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Stocking Up: How to Make Shelf Stable Food

August 8, 2022 - Emily Newton

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Whether you’re preparing for an upcoming hurricane season or want a supply cache ready for the end of the world as we know it, having a supply of shelf-stable food is one of the essential tools for survival. You can purchase shelf-stable food options, but as with most prepared foods, it can be more expensive than making it yourself. Let’s take a closer look at how to make shelf stable food that will last for years.

What Makes a Food Shelf Stable?

Building a shelf-stable food supply starts with understanding what makes them shelf-stable, to begin with. At its simplest, shelf stability is when food is safe to store on a shelf without refrigeration. Many dry goods don’t require refrigeration; others may only need to be refrigerated after they’re opened.

According to the United States Department of Agriculture (USDA), making food shelf-stable means drying it or treating it with heat to destroy any foodborne organisms that could cause the food to spoil or create the threat of illness. Once treated, the food must be packaged in sterilized airtight containers to prevent the reintroduction of bacteria or microorganisms. 

How to Make Food Shelf Stable

There are many ways to make the food shelf stable, but they primarily utilize one of four methods to kill bacteria or microorganisms.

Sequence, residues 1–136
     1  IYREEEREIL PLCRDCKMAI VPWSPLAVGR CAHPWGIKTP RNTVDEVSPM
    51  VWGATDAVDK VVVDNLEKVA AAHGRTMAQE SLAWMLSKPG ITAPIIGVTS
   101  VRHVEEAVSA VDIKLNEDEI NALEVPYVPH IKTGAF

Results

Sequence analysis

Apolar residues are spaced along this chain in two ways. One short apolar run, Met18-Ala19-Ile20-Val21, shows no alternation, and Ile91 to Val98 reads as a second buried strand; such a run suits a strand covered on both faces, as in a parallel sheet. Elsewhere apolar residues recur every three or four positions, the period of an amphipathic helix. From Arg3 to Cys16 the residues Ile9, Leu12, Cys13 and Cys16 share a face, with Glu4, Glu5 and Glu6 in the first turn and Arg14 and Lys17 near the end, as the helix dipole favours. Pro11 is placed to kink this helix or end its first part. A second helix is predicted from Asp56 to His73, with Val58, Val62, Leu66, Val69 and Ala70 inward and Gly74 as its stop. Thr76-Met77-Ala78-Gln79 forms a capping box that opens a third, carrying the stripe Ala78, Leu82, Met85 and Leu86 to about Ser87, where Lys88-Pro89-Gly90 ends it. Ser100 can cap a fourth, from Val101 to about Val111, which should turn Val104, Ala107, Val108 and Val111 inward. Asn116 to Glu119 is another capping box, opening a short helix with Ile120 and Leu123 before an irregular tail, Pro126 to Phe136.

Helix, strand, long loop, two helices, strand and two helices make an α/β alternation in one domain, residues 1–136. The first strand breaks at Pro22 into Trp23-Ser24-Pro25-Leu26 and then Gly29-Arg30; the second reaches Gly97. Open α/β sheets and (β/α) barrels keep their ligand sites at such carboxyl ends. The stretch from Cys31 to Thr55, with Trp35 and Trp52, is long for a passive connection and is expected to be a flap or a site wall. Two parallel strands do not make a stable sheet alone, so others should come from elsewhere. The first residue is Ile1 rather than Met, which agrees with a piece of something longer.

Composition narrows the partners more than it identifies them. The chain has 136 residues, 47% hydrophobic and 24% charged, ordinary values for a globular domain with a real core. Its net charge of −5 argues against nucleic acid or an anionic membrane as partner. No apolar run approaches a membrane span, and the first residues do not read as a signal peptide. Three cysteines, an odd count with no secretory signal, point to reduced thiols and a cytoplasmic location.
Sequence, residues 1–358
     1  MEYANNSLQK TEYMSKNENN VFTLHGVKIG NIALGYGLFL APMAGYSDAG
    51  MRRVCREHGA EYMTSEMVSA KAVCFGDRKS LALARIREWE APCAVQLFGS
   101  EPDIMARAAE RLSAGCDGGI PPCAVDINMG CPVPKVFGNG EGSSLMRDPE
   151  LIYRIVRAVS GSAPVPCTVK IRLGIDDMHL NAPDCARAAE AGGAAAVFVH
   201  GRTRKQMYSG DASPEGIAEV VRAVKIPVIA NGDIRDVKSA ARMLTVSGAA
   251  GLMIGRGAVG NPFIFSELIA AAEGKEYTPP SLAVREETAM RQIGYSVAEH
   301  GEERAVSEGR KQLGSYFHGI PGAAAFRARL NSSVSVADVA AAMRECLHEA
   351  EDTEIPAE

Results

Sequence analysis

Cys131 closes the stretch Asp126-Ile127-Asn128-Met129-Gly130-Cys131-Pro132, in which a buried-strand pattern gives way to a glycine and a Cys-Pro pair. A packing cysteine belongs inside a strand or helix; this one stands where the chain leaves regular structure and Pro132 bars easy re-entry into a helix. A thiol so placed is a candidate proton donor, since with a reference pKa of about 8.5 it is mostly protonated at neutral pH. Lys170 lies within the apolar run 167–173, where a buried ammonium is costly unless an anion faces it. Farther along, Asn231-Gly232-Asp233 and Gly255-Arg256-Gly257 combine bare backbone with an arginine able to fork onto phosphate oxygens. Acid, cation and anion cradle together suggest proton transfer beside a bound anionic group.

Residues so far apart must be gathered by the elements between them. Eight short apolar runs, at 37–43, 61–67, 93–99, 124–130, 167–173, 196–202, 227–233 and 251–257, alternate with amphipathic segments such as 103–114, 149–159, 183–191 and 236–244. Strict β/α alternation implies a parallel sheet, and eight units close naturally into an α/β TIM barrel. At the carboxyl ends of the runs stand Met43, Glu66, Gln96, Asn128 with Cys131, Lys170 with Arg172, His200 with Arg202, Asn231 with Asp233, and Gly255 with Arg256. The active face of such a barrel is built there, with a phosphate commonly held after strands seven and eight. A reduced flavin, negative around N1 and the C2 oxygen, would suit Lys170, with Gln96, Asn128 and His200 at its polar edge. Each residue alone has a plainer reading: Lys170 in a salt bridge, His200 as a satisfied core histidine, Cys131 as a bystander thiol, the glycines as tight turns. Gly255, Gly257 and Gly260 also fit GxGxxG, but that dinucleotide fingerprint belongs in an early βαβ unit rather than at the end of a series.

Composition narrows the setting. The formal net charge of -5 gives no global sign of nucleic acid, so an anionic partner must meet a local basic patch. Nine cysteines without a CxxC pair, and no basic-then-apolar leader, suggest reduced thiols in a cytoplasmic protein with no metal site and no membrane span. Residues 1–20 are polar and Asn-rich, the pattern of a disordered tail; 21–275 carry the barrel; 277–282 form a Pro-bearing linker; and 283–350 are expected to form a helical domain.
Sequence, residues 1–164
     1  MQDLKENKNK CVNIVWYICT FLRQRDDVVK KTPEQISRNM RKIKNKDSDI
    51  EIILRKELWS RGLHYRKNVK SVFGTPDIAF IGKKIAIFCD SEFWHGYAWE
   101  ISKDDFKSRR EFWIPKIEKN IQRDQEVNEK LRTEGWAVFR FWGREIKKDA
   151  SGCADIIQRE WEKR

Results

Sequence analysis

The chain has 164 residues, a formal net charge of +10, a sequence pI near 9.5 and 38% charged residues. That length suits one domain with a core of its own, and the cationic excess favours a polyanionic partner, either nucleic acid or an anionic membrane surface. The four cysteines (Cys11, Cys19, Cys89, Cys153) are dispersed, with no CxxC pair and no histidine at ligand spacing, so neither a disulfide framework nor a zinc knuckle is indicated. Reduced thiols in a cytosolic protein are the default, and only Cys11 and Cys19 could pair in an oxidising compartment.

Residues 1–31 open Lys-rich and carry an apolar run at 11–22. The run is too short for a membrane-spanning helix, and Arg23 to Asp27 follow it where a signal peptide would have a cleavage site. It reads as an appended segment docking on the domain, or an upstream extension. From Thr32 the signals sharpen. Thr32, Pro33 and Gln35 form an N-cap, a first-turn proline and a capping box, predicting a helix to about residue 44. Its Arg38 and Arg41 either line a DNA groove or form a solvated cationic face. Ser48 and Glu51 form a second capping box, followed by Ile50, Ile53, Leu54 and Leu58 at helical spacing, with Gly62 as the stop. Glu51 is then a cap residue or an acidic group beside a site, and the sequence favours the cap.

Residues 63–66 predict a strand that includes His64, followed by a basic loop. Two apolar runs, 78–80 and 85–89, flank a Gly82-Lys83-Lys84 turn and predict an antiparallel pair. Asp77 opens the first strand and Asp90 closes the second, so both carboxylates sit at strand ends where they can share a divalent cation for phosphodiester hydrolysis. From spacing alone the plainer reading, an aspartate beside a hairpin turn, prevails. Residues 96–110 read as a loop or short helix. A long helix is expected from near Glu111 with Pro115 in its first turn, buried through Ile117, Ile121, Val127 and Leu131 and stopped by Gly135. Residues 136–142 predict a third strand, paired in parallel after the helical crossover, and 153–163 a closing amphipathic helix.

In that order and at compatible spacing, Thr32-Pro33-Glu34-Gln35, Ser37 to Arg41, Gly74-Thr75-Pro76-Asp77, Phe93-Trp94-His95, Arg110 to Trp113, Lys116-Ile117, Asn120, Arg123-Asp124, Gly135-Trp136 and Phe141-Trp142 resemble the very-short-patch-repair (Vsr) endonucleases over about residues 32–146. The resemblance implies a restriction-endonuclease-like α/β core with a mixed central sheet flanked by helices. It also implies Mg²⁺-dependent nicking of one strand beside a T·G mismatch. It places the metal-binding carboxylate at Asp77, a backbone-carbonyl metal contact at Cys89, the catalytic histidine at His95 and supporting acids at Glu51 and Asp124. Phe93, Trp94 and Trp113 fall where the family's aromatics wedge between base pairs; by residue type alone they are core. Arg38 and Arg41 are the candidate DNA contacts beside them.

Heat

If you’ve ever used a meat thermometer to cook a cut of meat to a specific temperature before serving, you’re already familiar with how heat is used for food safety. Applying heat is the method most are familiar with regarding food safety and preparation. Creating canned food is the easiest way to make it shelf-stable. The process can vary depending on the food you’re trying to store, but generally, heating meat, vegetables or other foods in heat-safe containers to a temperature of at least 250 degrees Fahrenheit. This process seals the containers and sterilizes them. 

Acidification

Acidification is similar to the canning process in that it also involves heat, but the temperatures are lower. Foods with a naturally acidic PH don’t need to be cooked as hot as those without because the acid prevents bacteria from growing within the stored food. Fruits are usually stored via acidification and only need to reach a temperature of around 195 degrees F to be considered shelf stable. 

Drying

Bacteria and other microorganisms need water to grow and thrive. Removing the water from various foods makes them shelf stable. Drying food can be as simple as placing it in a dehydrator or as complex — and expensive — as purchasing a freeze dryer that removes even more water and increases the life span of the food. 

Curing

If you’re a fan of cured meats like country ham or prosciutto, then you’re familiar with the third form of shelf stabilization. It’s similar to drying in that it uses a mixture of salt, sugar and other ingredients to draw the moisture out of the meat, dry-aging it in the process. The meat can be aged for anywhere from a few months to a year and remains shelf stable as long as it’s stored correctly.